The Association of Convenience Stores (ACS) has hit out at the government’s decision to increase business rates in April 2009 by 5%. The ACS said the government wrote to Billing Authorities earlier this month informing them of the rise. The rise was calculated on September’s Retail Price Index (RPI) rate, at the height of the market, which has since
fallen to 3%.
ACS chief executive James Lowman said: “This decision comes at the worst possible time for the retail industry. We are facing uncertain times and yet businesses are going to be hit with the biggest rate increase since 1990.”
The ACS wrote to the chancellor, Alistair Darling, prior to the Pre-Budget Report calling for business rates to be frozen at their current level.
Mr Lowman continued: “Freezing business rates is potentially one of the most beneficial things that the government can do for businesses right now. ACS will continue to push for business rates to be frozen and hope that the Government listens to the calls from the business community rather than imposing this massive burden at a time when it purports to be trying to help businesses through these difficult times.”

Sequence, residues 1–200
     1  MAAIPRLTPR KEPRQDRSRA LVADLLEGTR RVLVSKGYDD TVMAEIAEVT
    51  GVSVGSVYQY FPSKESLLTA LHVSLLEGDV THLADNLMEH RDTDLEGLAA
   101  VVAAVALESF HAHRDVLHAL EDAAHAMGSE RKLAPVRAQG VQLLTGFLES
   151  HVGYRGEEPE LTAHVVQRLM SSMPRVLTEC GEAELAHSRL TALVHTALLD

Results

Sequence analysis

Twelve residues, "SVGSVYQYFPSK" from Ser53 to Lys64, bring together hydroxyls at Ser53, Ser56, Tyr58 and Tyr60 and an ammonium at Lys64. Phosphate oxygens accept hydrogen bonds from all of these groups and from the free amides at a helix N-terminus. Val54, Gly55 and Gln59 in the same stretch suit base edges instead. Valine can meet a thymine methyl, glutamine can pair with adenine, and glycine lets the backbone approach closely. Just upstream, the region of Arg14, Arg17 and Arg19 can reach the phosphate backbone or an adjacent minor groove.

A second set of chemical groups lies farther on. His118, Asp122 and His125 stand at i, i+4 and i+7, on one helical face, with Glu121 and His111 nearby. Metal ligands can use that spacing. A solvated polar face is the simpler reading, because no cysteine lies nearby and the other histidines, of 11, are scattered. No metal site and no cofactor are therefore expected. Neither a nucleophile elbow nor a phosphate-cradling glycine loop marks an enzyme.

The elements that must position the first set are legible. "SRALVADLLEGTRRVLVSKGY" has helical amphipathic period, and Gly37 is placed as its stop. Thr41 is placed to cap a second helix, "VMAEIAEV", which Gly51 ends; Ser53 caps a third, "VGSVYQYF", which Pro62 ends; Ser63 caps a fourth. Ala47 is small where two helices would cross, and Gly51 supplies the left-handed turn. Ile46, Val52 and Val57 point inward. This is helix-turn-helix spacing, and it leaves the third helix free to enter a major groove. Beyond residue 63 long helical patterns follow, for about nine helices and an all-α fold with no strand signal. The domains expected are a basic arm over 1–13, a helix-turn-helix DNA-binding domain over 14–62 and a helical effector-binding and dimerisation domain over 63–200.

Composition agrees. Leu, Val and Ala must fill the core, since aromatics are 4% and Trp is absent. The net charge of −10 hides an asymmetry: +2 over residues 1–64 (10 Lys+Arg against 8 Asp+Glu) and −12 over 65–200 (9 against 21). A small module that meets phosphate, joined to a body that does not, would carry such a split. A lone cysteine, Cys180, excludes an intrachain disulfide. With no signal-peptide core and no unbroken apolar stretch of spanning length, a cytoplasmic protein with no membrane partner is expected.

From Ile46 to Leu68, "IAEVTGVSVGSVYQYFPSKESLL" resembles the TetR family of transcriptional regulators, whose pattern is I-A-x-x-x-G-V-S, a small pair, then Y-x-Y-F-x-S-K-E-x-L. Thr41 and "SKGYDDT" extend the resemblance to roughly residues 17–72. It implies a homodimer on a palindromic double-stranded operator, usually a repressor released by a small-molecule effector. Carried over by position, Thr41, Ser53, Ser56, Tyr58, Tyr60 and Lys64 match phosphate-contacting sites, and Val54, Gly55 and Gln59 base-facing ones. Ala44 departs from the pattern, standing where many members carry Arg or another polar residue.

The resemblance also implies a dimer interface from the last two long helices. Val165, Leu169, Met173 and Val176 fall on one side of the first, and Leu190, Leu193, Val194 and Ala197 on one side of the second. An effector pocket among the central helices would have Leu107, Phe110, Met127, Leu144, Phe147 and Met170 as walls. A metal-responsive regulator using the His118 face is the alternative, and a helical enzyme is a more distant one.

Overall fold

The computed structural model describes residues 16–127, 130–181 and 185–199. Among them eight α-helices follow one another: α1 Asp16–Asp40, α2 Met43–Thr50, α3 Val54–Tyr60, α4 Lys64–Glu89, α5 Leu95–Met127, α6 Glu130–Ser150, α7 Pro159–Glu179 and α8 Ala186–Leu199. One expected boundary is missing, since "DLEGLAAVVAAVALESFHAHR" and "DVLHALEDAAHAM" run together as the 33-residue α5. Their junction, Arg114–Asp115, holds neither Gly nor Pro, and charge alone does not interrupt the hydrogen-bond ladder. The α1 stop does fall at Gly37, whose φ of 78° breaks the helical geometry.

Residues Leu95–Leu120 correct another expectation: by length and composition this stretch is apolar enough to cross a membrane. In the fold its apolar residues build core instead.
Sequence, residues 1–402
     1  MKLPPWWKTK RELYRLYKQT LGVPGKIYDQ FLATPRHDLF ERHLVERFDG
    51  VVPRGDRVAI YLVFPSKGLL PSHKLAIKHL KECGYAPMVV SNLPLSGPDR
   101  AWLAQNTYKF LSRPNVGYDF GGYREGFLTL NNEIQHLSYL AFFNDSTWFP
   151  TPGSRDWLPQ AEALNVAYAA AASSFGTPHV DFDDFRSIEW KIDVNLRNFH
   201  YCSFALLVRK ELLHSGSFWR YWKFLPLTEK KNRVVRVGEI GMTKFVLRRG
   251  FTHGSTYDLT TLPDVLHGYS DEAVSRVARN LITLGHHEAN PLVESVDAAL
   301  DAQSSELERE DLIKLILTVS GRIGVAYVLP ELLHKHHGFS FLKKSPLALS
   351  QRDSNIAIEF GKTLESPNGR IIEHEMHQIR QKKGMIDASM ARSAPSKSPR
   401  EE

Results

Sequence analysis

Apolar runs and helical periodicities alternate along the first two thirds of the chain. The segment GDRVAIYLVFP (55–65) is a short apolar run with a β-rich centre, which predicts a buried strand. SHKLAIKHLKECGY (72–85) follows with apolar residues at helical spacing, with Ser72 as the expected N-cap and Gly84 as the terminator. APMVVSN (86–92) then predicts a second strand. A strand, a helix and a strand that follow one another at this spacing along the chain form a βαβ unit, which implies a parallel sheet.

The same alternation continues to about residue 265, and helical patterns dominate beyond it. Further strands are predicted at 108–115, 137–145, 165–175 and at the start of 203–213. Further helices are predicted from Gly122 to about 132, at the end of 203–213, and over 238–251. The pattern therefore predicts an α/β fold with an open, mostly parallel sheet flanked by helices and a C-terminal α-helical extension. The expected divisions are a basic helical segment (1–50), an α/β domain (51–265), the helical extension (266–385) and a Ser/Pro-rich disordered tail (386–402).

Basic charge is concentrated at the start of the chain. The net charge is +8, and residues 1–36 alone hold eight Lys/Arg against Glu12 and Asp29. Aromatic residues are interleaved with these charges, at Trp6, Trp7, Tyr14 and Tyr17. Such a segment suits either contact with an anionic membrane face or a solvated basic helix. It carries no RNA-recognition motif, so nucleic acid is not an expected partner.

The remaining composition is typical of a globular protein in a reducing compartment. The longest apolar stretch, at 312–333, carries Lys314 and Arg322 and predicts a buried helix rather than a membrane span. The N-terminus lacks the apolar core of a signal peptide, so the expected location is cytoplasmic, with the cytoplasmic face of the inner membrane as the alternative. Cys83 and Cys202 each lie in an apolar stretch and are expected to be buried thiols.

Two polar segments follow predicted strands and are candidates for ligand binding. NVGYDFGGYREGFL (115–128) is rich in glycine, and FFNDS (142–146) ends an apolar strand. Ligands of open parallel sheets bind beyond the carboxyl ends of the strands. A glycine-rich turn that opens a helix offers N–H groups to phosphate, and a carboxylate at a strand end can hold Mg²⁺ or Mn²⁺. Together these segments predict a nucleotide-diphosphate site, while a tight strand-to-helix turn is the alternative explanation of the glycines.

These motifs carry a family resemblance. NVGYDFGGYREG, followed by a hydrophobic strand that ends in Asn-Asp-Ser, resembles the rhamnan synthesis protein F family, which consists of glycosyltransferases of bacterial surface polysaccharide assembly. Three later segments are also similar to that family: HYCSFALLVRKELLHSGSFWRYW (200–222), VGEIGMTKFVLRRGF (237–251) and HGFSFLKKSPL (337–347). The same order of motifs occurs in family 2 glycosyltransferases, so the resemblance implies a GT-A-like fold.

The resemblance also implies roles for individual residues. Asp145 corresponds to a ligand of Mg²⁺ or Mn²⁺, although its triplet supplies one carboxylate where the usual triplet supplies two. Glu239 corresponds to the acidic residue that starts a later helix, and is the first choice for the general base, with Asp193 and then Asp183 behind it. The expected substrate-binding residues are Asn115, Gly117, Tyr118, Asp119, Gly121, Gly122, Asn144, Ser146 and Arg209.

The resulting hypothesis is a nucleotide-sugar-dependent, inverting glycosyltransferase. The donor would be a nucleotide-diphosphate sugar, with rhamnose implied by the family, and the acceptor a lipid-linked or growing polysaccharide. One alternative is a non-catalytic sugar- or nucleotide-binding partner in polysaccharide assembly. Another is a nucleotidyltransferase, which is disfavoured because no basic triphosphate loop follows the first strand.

The Confederation of British Industry (CBI) estimated the hike would boost the government’s coffers by £400 million. The CBI’s director of business environment policy, Dr Neil Bentley, said: “This unnecessary jump in business rates will affect nearly every firm, and struggling retailers will be particularly hard hit, at a time when they need all the help we can give them.
“Pegging the increase to September’s record RPI rate – an 18-year high – enables government to raise £400 million in extra tax revenues from firms when they can least afford it.
“The CBI had called for a freeze in business rates, to give the economy a much-needed boost during these exceptionally difficult times. But councils will now have carte blanche to raise £1.15 billion pounds extra in business tax next year. This threat to jobs, investment and the survival of viable businesses can still be avoided if the government lives up to its promise of ‘doing everything it can’ by freezing next year’s rates.”